Thursday, September 28, 2006

To Be In Tibet

The Mandala in Tibet


According to the Mandala expert, Jane SINGER of Rossi & Rossi, London:-

“Tibetans became familiar with the mandala early in their introduction to Buddhist art and culture, a process begun with the first ruler of the historical period, Songtsen Gampo (d. 649). Mandalas existed at early Buddhist centers in central Asia, e.g. Dunhuang and Khotan, both frequented by Tibetans during the eighth and ninth centuries.

Sketches of mandalas are found in the eighth through tenth century Dunhuang manuscripts which are among Tibet's earliest written records.Samye , Tibet's first monastery founded ca. 779, was based on the architectural principles of a three-dimensional mandala, reportedly following the plan of Uddandapura monastery in eastern India.

Tibetan paintings on cloth (thang-ka) dating as early as the eleventh or twelfth centuries feature highly complex mandalas. Mandalas adorned the murals at early Tibetan sanctuaries, including Tabo (ta-pho, founded late tenth century; its murals dating probably to mid-eleventh century), and Alchi (al-chi, founded ca. 1200).

At Sakya monastery, extensive cycles of mandalas were painted between 1280 and 1305.Also adorned with ambitious cycles of mandalas are Shalu (zha-lu, founded ca. mid-eleventh century; mandalas dating to ca. early fourteenth century), and Gyantse . Founded ca. 1429 but destroyed, Ngor monastery was for centuries associated with magnificent painted mandalas, unsurpassed in iconographic complexity and aesthetic achievement.

Much of the mandala's iconography and its associated liturgy are contained in texts known as tantras. Etymologically, tantra signifies a process of weaving or bringing together, reference to the process by which an individual undergoes psychic transformations, eventually leading to full enlightenment. Earlier Mahayana Buddhist literature had emphasized the bodhisattva, one who strove to assist others in the attainment of enlightenment and whose religious career was often described as prajnaparamita, "the perfection of wisdom," for it involved the cultivation - over many lifetimes - of wisdom, compassion, generosity, and similar qualities. Tantric texts, in contrast, promise spiritual liberation in this very life or in a few lifetimes, through highly sophisticated yoga practices.”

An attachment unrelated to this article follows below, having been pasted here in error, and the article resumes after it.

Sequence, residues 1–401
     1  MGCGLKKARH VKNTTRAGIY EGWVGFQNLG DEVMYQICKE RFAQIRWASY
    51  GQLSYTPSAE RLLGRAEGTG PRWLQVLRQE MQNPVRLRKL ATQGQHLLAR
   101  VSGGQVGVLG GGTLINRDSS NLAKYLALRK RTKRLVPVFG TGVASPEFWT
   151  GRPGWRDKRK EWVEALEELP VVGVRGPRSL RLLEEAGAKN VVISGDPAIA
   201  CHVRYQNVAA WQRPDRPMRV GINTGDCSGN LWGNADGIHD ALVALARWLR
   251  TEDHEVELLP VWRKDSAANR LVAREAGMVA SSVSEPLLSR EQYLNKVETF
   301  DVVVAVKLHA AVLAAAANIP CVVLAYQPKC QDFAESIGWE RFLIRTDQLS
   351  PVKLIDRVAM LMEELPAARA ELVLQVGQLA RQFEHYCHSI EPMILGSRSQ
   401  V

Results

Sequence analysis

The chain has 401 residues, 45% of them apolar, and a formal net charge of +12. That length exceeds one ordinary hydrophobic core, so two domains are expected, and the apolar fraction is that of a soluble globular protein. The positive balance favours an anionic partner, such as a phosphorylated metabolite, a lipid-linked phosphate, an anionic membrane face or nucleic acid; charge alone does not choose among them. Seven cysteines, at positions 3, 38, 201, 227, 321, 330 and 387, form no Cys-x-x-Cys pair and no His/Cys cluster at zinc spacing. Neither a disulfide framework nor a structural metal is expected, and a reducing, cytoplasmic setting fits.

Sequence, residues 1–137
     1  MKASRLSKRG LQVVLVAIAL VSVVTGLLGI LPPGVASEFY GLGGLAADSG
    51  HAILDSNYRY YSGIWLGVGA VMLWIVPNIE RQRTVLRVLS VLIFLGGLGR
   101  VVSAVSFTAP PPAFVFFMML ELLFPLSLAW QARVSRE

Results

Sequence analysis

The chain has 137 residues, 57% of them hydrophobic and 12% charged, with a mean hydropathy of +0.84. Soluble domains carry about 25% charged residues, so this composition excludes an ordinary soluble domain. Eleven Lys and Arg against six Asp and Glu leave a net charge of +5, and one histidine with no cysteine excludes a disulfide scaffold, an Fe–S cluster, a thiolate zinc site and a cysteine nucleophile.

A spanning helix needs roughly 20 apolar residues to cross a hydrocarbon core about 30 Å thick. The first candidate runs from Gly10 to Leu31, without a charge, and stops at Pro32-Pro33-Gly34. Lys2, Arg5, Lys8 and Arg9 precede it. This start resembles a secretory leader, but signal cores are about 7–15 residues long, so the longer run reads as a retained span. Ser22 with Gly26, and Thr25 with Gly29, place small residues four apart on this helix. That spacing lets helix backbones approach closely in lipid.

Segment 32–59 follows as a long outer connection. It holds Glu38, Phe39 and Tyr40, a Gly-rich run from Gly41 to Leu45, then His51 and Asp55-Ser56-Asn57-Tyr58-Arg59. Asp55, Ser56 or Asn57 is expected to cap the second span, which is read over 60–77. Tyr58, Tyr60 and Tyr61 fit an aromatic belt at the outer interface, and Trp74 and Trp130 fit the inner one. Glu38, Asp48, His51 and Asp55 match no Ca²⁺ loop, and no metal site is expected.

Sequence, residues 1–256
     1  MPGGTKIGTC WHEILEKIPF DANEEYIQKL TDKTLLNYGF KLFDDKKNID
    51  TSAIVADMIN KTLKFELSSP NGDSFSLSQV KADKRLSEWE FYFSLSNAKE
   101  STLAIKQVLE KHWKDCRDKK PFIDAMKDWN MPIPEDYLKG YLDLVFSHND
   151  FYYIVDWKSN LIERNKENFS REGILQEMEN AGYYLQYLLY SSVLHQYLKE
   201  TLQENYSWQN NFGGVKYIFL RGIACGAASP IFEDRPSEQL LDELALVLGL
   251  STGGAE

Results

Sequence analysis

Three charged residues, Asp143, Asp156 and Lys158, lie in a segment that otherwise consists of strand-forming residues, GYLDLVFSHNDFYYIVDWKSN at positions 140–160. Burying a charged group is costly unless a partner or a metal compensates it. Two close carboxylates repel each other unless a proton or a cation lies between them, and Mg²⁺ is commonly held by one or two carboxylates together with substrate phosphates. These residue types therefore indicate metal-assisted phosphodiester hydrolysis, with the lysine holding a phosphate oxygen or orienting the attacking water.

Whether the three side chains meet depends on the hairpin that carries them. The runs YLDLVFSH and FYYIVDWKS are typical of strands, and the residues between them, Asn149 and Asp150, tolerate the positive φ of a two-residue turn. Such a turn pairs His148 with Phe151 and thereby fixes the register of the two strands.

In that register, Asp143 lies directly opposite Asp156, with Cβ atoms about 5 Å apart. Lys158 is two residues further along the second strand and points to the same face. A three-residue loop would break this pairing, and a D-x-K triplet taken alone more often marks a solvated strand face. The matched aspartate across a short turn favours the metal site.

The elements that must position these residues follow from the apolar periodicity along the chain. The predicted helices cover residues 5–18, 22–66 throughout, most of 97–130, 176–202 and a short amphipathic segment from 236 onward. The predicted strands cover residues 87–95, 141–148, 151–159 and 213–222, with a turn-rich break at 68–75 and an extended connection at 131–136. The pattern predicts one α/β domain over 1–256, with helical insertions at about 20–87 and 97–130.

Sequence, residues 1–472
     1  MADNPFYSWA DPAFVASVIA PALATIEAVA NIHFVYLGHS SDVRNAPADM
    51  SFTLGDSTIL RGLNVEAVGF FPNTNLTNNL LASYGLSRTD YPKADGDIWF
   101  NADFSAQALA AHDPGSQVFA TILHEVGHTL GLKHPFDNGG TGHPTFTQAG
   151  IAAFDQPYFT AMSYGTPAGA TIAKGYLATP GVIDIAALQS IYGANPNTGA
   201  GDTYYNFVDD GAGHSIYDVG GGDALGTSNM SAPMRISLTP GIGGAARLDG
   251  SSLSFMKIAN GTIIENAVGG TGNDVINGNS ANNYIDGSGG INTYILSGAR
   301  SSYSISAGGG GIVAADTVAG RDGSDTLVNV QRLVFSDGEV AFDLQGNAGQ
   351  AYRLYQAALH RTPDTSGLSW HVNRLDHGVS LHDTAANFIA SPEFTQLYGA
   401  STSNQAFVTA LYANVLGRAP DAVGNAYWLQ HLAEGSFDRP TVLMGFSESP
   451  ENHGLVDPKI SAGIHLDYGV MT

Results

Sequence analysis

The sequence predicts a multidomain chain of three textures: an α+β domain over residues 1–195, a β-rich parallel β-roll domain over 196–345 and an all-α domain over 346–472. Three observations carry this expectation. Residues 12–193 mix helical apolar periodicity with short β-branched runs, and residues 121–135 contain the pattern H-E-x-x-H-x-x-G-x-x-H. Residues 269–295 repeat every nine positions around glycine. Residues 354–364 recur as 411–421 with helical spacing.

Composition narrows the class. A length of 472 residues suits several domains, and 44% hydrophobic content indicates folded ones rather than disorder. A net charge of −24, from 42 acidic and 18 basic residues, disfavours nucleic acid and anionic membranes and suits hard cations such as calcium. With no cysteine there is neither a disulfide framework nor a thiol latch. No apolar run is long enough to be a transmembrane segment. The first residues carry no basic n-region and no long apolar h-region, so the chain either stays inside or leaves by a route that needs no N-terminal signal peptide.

But if you are like me, not too religious but artful; you could feast your eyes on these icons of Tibetan art that used to send these monks into deep trance. Hey, you’d never know; if you keep focusing your eyes for long enough; you’d reach your Nirvana too!


Post a Comment

Subscribe to Post Comments [Atom]

Links to this post:

Create a Link

<< Home